Jo, Joyce, Jewell



P.S. A shout out to a reader in the UK; (GPS tracker)


My mother should have had this tracking device when I was a kid, for I rode my horse into the forest, and she never knew where I was. She worried that I would take a fall and be lost. “Stay by the road,” she said. “Then,” I countered, “if I fell off, someone would run over me.” 


We both survived my horse forays.


This device can be used on cars (get a 40% reduction on Ins.,) dogs, cats, bicycles, motorcycles, humans. I should have had one attached to our propane tank that ran off.


Thanks, UK


*Bad?” I’ve heard if you are an aficionado of country songs, listen long enough and they will cure you or your ills.






Monday, November 11, 2019

When do THEY decide you are a throw-away person?

Before the recent (yesterday’s) medication, the patient could stand up, walk around, take herself to the bathroom, have dinner, look out the window, and on occasion, visit with somebody.

Daughter dear is caring for an Alzheimer patient, who pops in and out of lucidity. Now the patient had been placed on hospice care, has been given mood-altering medication, and is whacked-out on morphine.

From managing (with help) one day to unconscious the next. 

I’ve had high regard for hospice people for I had heard such good comments from family members. And I knew they could prescribe morphine that could be a god-send for people in pain.

But this person was not complaining of pain. And, I’m shocked that morphine is prescribed as a matter of course.

Is that a good idea?
Did the patient ask for it?

Well, at least our culture sedates an old person before setting them on an ice flow. (Oh, oh, I’m slipping into sarcasm.)

I once read a story about a young man who lived in the cold North who decided it was time for his father to die. However, in a moment of compassion the son gave the father a blanket, but the father cut the blanket in two and only took half. 

“Father, why are you taking only half a blanket when I gave you a whole one?” asked the son.

“Because I’m saving the other half for you.”

The old man lived out his days in the warmth of the igloo.

I don’t know the Alzheimer patient’s history. I know she is elderly, lives still with her husband who is uncommonly kind to her given he has a temper. When he shows his temper, she ships out. (That tells you something, doesn’t it? When did she learn that shipping-out behavior?)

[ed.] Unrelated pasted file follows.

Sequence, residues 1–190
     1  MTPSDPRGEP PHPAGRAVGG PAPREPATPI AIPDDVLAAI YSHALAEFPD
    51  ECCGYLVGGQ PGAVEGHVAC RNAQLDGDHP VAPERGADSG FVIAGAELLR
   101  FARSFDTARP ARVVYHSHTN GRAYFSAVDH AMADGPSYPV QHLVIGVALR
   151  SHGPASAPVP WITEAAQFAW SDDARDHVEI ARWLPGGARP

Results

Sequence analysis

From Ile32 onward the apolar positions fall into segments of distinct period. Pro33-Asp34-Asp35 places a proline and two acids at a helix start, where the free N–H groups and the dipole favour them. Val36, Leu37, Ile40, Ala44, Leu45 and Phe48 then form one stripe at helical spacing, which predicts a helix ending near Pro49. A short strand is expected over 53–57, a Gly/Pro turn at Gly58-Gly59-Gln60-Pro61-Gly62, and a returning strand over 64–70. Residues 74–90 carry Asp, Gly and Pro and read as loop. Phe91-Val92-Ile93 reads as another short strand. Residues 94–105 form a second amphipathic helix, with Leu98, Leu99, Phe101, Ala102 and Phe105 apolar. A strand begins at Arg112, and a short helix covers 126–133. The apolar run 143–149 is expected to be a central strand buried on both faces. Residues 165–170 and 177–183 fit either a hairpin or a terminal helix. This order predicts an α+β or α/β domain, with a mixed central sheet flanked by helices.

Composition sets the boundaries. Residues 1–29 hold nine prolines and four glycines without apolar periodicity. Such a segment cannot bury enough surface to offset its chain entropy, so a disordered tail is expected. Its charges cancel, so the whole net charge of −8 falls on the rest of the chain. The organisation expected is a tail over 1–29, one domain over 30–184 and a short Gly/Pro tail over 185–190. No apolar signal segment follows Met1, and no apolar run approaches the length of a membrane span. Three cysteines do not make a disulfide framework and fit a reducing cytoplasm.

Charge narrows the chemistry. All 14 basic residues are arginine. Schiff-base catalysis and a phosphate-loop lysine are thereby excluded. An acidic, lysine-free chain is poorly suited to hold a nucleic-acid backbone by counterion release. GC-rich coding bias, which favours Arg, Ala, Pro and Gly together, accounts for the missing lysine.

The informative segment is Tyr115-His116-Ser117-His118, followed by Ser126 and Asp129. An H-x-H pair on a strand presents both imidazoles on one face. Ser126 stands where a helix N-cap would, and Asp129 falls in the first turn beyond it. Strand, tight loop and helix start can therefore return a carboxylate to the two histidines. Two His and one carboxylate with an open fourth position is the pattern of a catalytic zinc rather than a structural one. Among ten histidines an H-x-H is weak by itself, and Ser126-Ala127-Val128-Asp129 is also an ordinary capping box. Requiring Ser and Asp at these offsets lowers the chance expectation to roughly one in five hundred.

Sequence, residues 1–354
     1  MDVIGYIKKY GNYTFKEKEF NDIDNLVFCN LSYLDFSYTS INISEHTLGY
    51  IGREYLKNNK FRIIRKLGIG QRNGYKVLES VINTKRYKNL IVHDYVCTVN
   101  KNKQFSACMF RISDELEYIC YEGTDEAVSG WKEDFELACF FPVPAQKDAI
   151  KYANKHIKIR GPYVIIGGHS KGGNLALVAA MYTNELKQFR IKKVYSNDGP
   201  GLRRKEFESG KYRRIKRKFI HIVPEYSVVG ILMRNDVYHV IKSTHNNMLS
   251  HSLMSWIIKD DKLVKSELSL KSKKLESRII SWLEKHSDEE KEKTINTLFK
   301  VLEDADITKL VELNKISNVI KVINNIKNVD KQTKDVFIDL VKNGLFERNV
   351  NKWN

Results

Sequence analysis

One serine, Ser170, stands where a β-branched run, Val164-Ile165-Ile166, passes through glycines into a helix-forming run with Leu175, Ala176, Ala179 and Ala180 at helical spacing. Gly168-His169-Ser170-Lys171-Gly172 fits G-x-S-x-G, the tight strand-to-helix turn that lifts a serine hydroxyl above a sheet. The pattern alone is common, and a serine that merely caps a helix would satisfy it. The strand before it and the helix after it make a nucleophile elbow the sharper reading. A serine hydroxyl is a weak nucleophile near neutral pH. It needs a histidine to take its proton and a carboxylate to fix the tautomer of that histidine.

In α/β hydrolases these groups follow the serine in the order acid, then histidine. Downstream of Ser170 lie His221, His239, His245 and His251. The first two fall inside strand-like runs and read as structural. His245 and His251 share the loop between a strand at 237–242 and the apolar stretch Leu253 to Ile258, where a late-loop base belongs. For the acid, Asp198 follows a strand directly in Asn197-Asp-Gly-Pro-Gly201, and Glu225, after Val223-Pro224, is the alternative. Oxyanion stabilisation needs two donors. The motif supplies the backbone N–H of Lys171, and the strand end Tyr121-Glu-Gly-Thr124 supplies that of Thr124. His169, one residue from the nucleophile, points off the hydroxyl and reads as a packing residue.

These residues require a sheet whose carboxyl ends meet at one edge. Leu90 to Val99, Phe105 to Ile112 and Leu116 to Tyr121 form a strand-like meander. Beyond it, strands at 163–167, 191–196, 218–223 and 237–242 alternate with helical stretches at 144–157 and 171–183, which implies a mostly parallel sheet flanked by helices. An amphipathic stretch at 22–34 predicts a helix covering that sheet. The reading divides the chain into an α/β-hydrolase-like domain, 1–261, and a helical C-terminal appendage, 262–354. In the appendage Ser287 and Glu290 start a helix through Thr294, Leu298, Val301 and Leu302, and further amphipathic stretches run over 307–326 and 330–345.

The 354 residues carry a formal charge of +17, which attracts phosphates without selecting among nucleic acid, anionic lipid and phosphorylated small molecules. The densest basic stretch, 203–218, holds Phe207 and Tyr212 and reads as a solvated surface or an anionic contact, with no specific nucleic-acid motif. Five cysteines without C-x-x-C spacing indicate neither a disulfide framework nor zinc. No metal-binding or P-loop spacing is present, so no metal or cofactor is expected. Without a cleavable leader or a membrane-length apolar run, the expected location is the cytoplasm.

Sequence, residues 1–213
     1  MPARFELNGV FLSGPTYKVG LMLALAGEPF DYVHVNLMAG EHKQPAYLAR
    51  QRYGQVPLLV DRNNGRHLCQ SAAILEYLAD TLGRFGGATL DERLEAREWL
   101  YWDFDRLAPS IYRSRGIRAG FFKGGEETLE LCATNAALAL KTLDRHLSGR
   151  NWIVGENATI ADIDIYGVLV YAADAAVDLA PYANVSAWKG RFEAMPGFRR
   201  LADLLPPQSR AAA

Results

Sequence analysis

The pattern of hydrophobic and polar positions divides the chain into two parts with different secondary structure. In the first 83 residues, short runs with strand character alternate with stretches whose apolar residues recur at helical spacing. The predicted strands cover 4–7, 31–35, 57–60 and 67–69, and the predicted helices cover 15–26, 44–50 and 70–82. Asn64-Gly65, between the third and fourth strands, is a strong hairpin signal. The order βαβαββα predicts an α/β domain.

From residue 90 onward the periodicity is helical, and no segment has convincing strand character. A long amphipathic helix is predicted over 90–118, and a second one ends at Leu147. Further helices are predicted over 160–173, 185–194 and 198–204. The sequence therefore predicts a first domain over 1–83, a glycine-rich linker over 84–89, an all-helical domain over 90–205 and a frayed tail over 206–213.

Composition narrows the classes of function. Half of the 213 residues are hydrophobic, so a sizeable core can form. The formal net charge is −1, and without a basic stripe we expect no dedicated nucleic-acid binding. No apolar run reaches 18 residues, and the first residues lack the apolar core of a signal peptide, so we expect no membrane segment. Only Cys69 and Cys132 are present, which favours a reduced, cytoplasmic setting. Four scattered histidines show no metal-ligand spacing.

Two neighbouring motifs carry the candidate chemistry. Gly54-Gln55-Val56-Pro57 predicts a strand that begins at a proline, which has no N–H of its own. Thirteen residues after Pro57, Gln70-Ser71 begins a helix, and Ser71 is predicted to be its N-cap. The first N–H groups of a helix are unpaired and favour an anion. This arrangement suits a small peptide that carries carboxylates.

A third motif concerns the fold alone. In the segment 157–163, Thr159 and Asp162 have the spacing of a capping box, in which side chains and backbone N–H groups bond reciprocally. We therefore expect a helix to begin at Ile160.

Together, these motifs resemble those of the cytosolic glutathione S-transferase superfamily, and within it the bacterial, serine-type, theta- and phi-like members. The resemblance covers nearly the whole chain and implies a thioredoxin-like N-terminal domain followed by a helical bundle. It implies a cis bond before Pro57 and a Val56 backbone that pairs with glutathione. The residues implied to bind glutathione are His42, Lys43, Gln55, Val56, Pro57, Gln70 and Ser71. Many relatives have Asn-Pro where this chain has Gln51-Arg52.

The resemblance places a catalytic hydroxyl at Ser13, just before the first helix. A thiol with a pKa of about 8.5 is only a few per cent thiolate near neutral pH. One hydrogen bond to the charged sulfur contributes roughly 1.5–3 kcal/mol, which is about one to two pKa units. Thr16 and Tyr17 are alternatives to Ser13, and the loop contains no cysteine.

We must not wait until Hospice comes sweeping in the door to lose control of our bodies, our minds, our environment, and our peace of mind. You know what they say, “If you don’t choose for yourself, somebody will choose for you.”

Before I had my babies, I read a book called “Awake and Aware,” that followed Dr. Fernand Lamaze’s principals of natural childbirth. 

Lamaze was encouraging women to be awake and present during the birth of their child. He was giving them tools to manage what can be a frightful and painful event. There in the hallowed halls of a hospital, you could follow protocol, use your techniques, and experience pain, joy, whatever. (But, don’t embarrass the personnel.)

How about the outside world? Are we sedated?

A sedated person is easy to manage. Many a shut-in who watches television all day is sedated without chemicals, and probably angry to boot. No wonder the old man husband wanders around complaining about the state of the world, about blacks, about women. He’s angry. And he needs someone to blame. 

Not good for our society.

I once read that in an extremely crowded Oriental country where the streets are crowded, the shops are crowded, and families live together in a small space, that finding one moment of privacy is almost impossible.
However, there is still one place you can go where you are free. 

That is your mind.

Perhaps that is the reason the use of meditation is so prevalent in the East. Go to a quiet place where your mind can become still. Go where you can experience the silence. “Prayer,” so I’ve heard, “is talking to God. Meditation is God talking to you.”

I think one’s awareness should be the last thing to go.

But then, that’s only my idea.

Any input?

P.S. Thursday I’ll talk about something more pleasant—that is, if it presents itself.